EVENT: Teach with Technology SPARC
. (Showcasing Projects in Arts, Research, and Coursework)
DATE: January 24, 2013
TIME: 3:00 pm – 5:00 pm
LOCATION: Clemons Library – Third Floor – Robertson Media Center
Sponsored by the Teaching Resource Center and the UVA Library,
this event will live up to its name by Showcasing Projects in Arts, Research, and Coursework here at UVA. Connect with the latest technologies and methods for exploring new forms of scholarship in course assignments, research, art, and outreach. Network with colleagues and constituents / faculty and students in an exhibition of effective technological experience. Presenters will be available for open-air discussion at individual stations in a meet-and-greet environment that encourages discourse and the exchange of ideas.
Spark your interests at the SPARC!
- snacks and refreshments provided -
Stay tuned as we’re still adding presenters!
|Brian Balogh and Lauren Moulds||Engaging Students with Media|
|Marva Barnett||Sharing Thoughts Through Technology|
|Bull, Haj-hariri, Malcolm, Bredder, Standish, Cohen||Implementing Next Gen Science Standards with Advanced Manufacturing Technologies|
|David Germano||Technologies to Facilitate Teaching and Research|
|Vahid Gholampour||Educational Applications for Smart Phones|
|Colleen Kelly||Enriching Traditional In-Class Activities|
|Jason Lawrence||Fast and Easy “3D Scanning” with Arqball Spin|
|Phyllis Leffler||Publishing Media-Rich Research|
|Alison Levine||Student Digital Media Projects in French|
|Earl Mark||Documentary Moviemaking and Virtual/Physical Media|
|Kimberly Brooks Mata||Exploring Media Production and Dance|
|John O′Brien and Brad Pasanek||Digital Text Authoring|
|Yitna Firdyiwek and Trisha Gordon||Easy Class Layout and Presentations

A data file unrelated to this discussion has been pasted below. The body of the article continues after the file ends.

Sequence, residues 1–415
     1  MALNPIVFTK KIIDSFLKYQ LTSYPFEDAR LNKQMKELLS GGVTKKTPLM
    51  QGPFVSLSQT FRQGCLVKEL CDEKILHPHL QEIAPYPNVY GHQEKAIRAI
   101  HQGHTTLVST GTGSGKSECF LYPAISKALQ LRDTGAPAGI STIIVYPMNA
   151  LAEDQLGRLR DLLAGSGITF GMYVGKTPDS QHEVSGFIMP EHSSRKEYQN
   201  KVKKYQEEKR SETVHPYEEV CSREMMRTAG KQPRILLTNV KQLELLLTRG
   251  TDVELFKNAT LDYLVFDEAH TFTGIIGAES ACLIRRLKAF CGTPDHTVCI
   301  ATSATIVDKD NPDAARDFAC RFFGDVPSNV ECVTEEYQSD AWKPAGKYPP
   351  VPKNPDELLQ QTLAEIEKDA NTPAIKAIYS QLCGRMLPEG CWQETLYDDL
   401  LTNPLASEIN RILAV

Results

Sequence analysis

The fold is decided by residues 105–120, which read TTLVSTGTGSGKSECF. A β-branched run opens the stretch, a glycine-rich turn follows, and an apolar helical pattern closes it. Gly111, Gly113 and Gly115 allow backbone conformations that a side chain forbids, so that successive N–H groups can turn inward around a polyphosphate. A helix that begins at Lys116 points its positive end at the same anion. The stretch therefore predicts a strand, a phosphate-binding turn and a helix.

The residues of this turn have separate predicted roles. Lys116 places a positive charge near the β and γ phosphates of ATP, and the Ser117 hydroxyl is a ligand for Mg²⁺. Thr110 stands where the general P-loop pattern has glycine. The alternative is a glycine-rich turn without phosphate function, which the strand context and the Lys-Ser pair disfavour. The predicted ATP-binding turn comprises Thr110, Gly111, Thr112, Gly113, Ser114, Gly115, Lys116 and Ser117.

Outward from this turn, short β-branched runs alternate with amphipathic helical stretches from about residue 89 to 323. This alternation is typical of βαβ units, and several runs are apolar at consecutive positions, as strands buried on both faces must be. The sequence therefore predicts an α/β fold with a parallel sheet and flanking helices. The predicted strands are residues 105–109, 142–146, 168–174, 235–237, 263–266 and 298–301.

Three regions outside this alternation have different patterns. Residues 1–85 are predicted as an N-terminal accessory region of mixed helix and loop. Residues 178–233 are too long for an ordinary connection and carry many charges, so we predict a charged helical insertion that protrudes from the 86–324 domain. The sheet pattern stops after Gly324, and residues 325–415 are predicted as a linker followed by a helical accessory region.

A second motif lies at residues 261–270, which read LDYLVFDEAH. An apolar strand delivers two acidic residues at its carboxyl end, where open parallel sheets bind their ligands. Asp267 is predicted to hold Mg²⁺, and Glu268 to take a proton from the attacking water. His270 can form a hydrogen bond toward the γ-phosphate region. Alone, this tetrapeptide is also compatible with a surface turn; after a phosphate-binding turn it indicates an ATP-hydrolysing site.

(eCLPS) in UVaCollab
|Lela Marshall||Recording your Course (Panopto)|
|Sharon Drumheller/Rob Viers||The immersive classroom,
|Winston Barham||Online Audio and Video “Reserves”|
|Eric Seidel||What’s new in mobile technologies|
|Meridith Wolnick and Todd Burks||Classroom in a Box|
|Arin Bennett||Immersive Viewing of Content|
|Marc Campbell||Viz-Lounge and High Density Display Wall|
|Kristy Haney and Judy Christian||3D Scanning Small Objects|
|Will Rourk||3D Scanning of Large Objects|
|Richard Nuckolls||3D Image Comparisons|
|Coartney and Crenshaw||Using Motion Capture to acquire human movement data|
Dorothy Danforth Compton Professor,
Chair, National Fellowship Program, Miller Center and Corcoron Department of History
The History course, Viewing America,1940 – 1980, is a decade long pedagogical and digital journey that provides a venue for students to explore history through a group project that culminates in a web site. From hand-coded websites with still images to WordPress, Drupal, and video, Balogh’s assignment CYOU (Create your own Unit) has grown and evolved with his teaching methods, course sizes, and available technology solutions. The students in the class vote on the best web site, and Balogh designs a lecture based upon the material presented in the winning site. Loren Moulds, former Graduate Assistant with Viewing America, will also be on hand to discuss experiences working with this course. Balogh’s current interests include digital timelines to show events in context as well as building networks for faculty to share best practices with integrating technology into the classroom experience.
Director, Teaching Resource Center
Professor of French
In her Fall USEM, “Interpreting Les Misérables,” Marva Barnett helped students appreciate the personal and social relevance of Hugo’s 150-year-old classic. The syllabus promises: “In our fast-paced digital world, thinking people still dedicate hours to reading novels, seeing plays, watching movies. Why? In this seminar, we’ll explore the multifaceted appeal of literature, theater, and film by plunging into one great novel: Victor Hugo’s Les Misérables.” Through on-line and in-class discussions, students considered what the novel means to them, and why. They then expressed that meaning through five-minute digital stories that they created individually or with peers, with the help of the Digital Media Lab, celebrating their learning by sharing their stories. As Founding Director of the Teaching Resource Center (TRC), Marva also worked with Faculty Senate leaders to create the Fall 2012 Hybrid Challenge for Technology-Enhanced Courses and currently administers the program.